use of ancient Biblical coins in jewelry encompasses both a perspective on the
coins historically used by ancient Israel, as well as coins of Biblical
prominence as mentioned in the Bible. To appreciate the use of
Biblical coinage in jewelry, one must first understand the historical
beginnings of these coins in ancient Israel.
From the sixth to the fourth
century B.C., Israel was part of the Persian Empire. In 538 B.C., Cyrus
who was the King of Persia, allowed the exiled Israelites to
return to their land and it was during this period that the first coins were
struck and used in Israel. The early Jewish issues resembled coins from
Athens with Hebrew inscriptions of "YEHUD" or "YEHUDAH".
These coins also often featured a classic design in Jewish art, the
Alexander the Great defeated the Persians in 331 B.C., new coinage bearing the
head of Herakles (also meant to resemble Alexander), was quite prevalent in
Israel. Later upon his death in 323 B.C., Israel fell under the rule of
the Ptolemies of Egypt and many Ptolemaic coins found circulation in Israel
during this time. Ptolemy II ruled with great favor for the
Israelites. He is best remembered as having the five books of Moses (the
Bible) translated in Alexandria into the Greek language by 72 scholars, hence
the reason the Bible is also called the "Septuagint", meaning
An early mention of the concept
of money in the Bible occurs in Genesis where Abraham is purchasing a burial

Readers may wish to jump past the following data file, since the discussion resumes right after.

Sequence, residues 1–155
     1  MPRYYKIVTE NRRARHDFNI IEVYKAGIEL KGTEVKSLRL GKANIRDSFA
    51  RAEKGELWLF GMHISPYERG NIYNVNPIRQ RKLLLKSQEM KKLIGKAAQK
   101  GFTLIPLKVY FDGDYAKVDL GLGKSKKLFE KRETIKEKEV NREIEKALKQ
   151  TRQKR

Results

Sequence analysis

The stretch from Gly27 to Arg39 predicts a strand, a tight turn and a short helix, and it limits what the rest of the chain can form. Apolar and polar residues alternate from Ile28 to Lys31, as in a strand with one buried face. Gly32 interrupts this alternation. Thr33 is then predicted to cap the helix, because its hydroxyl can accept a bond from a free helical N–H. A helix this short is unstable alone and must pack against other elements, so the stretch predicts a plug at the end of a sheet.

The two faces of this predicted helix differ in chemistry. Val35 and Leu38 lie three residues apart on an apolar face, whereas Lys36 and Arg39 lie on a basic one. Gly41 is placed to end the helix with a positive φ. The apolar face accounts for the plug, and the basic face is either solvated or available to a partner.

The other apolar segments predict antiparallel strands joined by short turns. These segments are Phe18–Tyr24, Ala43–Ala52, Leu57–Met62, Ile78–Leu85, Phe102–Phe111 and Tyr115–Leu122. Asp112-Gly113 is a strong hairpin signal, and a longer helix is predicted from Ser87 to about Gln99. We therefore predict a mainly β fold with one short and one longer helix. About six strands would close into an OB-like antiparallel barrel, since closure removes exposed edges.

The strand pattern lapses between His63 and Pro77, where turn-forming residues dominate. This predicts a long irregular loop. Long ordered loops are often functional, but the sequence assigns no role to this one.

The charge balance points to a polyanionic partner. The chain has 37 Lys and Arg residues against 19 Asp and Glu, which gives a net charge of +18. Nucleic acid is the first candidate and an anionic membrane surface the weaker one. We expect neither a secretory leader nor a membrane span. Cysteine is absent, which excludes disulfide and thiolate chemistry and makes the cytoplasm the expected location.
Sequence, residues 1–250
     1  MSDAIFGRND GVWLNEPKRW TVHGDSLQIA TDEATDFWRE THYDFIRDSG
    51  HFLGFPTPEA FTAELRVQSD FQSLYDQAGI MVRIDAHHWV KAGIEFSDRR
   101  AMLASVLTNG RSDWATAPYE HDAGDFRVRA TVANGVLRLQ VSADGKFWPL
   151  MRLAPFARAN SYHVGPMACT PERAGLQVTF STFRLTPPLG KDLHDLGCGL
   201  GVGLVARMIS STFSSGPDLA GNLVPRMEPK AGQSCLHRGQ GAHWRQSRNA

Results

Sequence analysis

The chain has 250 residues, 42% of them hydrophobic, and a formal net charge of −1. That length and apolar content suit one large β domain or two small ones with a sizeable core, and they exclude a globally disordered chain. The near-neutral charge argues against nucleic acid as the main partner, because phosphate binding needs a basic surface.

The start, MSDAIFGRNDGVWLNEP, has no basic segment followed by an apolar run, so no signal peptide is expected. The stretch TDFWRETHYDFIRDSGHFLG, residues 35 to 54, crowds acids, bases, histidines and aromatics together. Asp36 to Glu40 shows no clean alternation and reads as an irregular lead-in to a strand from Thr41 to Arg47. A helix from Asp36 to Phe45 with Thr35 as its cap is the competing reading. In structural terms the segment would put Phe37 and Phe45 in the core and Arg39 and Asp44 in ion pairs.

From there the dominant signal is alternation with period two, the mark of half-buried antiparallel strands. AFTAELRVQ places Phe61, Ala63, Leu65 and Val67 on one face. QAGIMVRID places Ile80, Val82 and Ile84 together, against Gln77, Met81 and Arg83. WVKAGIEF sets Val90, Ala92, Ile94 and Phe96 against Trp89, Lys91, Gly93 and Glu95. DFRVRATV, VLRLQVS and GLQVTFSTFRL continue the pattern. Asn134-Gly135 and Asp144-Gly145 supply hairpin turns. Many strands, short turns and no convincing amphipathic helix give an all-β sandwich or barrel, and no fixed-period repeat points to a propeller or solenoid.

place for his family. The discussion of an actual weight standard that
is translated as "shekel" is written as follows, "Abraham weighed to
Ephron the silver, which he had named in the hearing of the children of Heth,
four hundred shekels of silver, current money with the merchant. So the
field of Ephron, which was in Machpelah... and the cave which was therein...
were made sure unto Abraham for a possession of a burying place."
(Genesis 23:15 - 20)
know though, that this could not have been coins as there would have been no
need to weigh the silver since coinage is minted in standardized weights,
hence the purpose of coinage in the first place. Nevertheless, we see
that a standard of weight had been established in the barter system at this
early point in history. The silver
mentioned in the early Biblical record was most likely in the form of
ingots or jewelry. Coins were not invented until just before the
first book of Chronicles.
the interest of Biblical coins relates most to the history of ancient
Israel and the Old Testament, the ancient coins of the New Testament and
early Christianity are also quite popular and many are featured in our
jewelry. A great example of this is the wonderful story that
surrounds the "widow's mite" coin, the lowest denomination coin
circulating during the time, the prutahs of Alexander Jannaeus.
describing an incident that involved Jesus, the disciple Mark wrote,
"He sat down opposite the treasury and watched the people putting
money into the treasury, and many of the rich put in a great amount.
A poor widow came and put in two small coins, the equivalent of a
penny. Then he called his disciples and said to them, 'In truth I
tell you, this poor widow has put more in than all who have contributed to
the treasury for they have put in money then could spare but she, in her
poverty, has put in everything she possessed, all she had to live
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johnbmcnamara.com - all
jewelry in this section features GENUINE ancient coins that have prominence in ancient
Jewish and Christian history as they relate to the Biblical
piece comes with a
certificate of authenticity / history sheet.